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The British Energy Security Strategy is nothing short of a missed opportunity – and another example of our government stalling on implementing meaningful changes towards net zero

Written by Nicola Stopps on Wednesday, 25 May 2022. Posted in Insight, Analysis

Last month, the government announced its planned strategy to improve the UK’s energy efficiency amidst a backdrop of severe climate change and a cost of living crisis.

The British Energy Security Strategy is nothing short of a missed opportunity – and another example of our government stalling on implementing meaningful changes towards net zero

Last month, the government announced its planned strategy to improve the UK’s energy efficiency amidst a backdrop of severe climate change and a cost of living crisis.

While the Strategy claims that its immediate priority has been to provide financial assistance following a significant surge in global energy prices, it ceases to encourage simple, attested techniques in the domestic energy sector to support this notion. In addition to this blatant lack of direction, the overwhelming missed opportunity, however, is the Strategy’s lack of gumption and practicality when addressing our climate crisis as a whole. 

Alongside the strategy in question, through the government’s net-zero scheme and its ten point plan, a significant investment of £100 billion has been pledged toward the renewable energy sector. Yet the British Energy Security Strategy discussed the move away from oil and gas as being dependent on the pace of uptake toward renewable energy. Why, when we have this investment and the impetus for such change, is this significant, necessary step in the direction of combatting climate change not being prioritised? 

Despite clear, public support and grandstanding by the government at COP26 last November, there is a tepid approach when it comes to renewables. Owing to the government’s investment, there are 649 wind and solar projects that already have planning permission. A much more financially savvy proposition than the UK’s fuel imports from Russia, as renewable energy is now six times cheaper than that from gas-fired power stations. 

However, the Strategy promises nothing to cut the planning regulations in place, even though it categorically states that now is the time to “be bolder in removing the red tape” and build a “self-sufficient, British energy system” which does not depend on foreign energy. 

While the Strategy alludes to the need to remove the UK from exposure to volatile fossil fuel markets, it’s the consistent lack of plans for implementation within the Strategy which is disappointing. We cannot afford to delay action towards combatting climate change any longer and the protocol proposed by the government is nowhere near sufficient to ensure any real progress is made.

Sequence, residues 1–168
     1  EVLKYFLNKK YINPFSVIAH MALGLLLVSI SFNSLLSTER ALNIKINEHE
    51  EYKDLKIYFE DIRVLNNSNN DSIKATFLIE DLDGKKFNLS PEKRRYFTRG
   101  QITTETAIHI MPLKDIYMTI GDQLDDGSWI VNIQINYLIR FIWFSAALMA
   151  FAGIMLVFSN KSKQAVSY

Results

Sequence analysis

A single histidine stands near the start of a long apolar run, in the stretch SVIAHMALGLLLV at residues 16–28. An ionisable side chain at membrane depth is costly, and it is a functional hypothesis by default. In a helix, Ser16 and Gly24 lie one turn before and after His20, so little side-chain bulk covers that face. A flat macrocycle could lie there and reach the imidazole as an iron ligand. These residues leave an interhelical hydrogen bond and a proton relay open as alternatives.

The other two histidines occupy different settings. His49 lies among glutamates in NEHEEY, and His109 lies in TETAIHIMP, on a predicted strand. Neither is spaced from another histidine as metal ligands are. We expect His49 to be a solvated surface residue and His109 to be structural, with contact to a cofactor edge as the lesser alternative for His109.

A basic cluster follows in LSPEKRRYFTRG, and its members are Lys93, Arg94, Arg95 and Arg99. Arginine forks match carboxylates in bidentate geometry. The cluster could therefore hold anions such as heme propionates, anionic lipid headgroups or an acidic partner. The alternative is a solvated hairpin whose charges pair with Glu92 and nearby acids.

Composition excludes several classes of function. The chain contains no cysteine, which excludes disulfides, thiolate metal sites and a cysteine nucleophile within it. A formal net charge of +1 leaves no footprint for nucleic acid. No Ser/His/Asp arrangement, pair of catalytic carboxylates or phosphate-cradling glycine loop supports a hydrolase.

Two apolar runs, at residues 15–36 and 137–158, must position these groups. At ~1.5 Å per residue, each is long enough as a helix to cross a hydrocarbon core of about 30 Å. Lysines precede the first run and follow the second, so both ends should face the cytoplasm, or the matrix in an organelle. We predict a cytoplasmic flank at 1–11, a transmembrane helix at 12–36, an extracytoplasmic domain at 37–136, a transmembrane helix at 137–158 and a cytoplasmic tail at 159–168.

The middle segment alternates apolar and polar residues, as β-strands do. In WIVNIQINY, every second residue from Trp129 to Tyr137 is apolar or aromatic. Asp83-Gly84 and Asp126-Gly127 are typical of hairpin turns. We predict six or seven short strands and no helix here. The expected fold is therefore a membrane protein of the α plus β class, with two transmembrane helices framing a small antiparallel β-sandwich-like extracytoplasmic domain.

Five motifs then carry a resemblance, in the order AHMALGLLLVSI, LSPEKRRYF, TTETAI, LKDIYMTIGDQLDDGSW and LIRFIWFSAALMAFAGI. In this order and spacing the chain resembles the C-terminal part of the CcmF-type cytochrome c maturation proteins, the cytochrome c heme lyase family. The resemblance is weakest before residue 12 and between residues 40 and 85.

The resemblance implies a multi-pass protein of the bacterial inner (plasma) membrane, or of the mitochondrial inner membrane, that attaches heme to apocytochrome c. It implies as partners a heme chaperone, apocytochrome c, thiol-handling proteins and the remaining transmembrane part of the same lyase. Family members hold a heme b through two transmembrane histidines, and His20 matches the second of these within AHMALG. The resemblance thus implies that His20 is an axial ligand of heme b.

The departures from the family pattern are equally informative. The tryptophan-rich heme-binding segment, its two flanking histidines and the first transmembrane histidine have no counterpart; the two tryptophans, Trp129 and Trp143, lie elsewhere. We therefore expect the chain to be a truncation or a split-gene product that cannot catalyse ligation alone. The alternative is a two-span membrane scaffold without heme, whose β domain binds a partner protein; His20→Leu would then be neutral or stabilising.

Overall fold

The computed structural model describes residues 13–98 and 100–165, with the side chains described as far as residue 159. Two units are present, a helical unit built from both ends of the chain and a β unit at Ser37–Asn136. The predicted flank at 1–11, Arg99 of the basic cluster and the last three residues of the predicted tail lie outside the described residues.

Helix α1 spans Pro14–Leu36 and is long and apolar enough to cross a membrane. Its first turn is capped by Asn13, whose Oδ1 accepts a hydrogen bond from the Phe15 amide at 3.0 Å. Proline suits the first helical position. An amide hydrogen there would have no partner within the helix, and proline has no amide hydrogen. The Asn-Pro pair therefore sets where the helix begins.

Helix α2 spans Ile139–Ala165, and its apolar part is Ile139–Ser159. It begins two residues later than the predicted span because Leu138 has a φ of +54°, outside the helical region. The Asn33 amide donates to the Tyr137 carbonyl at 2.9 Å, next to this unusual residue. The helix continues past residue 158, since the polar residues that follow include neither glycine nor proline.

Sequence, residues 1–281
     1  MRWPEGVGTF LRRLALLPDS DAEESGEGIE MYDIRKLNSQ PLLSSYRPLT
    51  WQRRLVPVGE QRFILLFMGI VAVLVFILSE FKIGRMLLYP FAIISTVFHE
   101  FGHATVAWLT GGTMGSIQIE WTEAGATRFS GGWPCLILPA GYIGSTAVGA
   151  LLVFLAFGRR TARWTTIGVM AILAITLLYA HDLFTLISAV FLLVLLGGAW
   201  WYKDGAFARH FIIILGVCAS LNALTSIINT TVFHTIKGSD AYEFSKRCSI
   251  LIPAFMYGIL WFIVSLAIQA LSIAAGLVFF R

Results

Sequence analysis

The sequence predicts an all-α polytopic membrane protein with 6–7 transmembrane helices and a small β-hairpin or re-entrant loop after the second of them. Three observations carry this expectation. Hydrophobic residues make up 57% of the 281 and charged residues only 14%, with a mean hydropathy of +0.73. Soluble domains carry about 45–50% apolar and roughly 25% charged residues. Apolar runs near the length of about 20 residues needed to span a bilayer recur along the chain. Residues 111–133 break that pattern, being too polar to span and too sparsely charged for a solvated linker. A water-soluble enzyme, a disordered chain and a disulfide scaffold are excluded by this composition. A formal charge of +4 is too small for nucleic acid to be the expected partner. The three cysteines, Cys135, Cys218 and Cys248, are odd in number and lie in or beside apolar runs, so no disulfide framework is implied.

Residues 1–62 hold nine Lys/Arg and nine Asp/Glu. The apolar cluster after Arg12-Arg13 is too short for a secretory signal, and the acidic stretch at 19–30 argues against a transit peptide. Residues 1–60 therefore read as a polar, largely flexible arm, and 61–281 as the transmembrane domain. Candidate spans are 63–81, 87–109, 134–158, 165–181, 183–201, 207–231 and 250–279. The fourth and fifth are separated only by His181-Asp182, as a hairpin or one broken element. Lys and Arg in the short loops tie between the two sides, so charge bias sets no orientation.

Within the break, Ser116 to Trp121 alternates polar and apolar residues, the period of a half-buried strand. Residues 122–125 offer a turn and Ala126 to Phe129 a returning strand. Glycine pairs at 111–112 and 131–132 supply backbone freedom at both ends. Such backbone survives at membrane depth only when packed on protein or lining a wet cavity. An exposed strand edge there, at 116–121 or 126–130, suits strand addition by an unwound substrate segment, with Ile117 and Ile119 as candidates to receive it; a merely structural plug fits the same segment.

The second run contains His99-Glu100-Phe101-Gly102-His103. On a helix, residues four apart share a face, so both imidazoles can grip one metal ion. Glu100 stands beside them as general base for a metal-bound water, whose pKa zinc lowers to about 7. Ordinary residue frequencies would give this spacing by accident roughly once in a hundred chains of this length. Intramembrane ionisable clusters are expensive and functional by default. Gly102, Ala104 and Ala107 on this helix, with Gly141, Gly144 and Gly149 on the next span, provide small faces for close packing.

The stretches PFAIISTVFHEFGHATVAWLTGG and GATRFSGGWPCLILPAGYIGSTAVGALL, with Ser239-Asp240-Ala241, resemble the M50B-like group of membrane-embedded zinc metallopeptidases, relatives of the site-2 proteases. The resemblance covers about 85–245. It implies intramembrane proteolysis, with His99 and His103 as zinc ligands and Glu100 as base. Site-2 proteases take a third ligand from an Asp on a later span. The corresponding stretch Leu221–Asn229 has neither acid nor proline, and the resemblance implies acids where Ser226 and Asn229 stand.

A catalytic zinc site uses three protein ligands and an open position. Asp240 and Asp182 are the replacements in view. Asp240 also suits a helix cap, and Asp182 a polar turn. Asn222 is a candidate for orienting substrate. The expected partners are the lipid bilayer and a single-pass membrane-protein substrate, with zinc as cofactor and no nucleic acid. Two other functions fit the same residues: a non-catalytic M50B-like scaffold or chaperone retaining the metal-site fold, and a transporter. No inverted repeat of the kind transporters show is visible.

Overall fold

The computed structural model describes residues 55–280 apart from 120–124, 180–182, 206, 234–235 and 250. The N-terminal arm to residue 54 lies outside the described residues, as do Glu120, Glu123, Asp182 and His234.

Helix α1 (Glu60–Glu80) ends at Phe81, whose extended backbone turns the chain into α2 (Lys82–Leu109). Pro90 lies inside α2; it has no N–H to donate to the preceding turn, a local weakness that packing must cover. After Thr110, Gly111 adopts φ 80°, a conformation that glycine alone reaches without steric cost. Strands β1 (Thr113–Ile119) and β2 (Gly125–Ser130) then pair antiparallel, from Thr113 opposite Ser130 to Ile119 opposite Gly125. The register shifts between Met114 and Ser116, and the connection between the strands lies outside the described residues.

In addition to its reluctance to move ahead with significant action to renewable energy development, the Strategy lacks any fundamental strategy to reduce domestic energy use. Efficiencies such as the proper insulation of newly built homes, and retrofitting existing housing stock to fit this standard, is a process which we know genuinely works in reducing energy use. Giving priority to a British way of thinking which “doesn’t follow the grain, instead follows a gradual transition”, is only giving the government a way out of imposing a genuine, fast acting solution to the significant carbon offsetting of residential and commercial property – as well as a solution to the financial burden of energy bills for the properties’ residents. 

There are multiple industry related avenues that require the full attention of ESG, which can feel daunting, but it seems that the government are dodging simple and manageable steps which make tangible differences, instead attempting to tackle the biggest projects first.

As a country with significant investment available, as well as access to the technology and skills which can push our climate efforts forward, we should be so much further ahead than we are. The UK Energy Strategy suggests we need to be going back to basics if we want to make meaningful changes promptly – and with lasting effect.

About the Author

Nicola Stopps

Nicola Stopps

Nicola Stopps, founder of Simply Sustainable, the award-winning environmental, social, and governance (ESG) and sustainability consultancy.å

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